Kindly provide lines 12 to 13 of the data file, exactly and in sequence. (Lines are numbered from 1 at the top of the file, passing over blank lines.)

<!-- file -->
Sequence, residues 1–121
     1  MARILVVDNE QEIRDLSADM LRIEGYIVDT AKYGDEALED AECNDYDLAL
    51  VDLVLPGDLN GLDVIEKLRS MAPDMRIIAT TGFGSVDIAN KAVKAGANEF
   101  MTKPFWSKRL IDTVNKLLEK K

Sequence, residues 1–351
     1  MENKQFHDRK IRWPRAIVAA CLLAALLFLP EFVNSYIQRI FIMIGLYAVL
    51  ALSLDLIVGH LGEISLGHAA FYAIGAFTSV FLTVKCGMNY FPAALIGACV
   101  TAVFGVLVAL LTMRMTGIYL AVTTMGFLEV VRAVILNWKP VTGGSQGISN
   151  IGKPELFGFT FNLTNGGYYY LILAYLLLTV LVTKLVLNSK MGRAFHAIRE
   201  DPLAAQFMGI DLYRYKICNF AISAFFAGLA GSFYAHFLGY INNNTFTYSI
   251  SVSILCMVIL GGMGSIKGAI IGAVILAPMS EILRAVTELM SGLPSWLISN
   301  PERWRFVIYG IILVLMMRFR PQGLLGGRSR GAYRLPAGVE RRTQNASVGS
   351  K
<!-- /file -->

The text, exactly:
   301  PERWRFVIYG IILVLMMRFR PQGLLGGRSR GAYRLPAGVE RRTQNASVGS
   351  K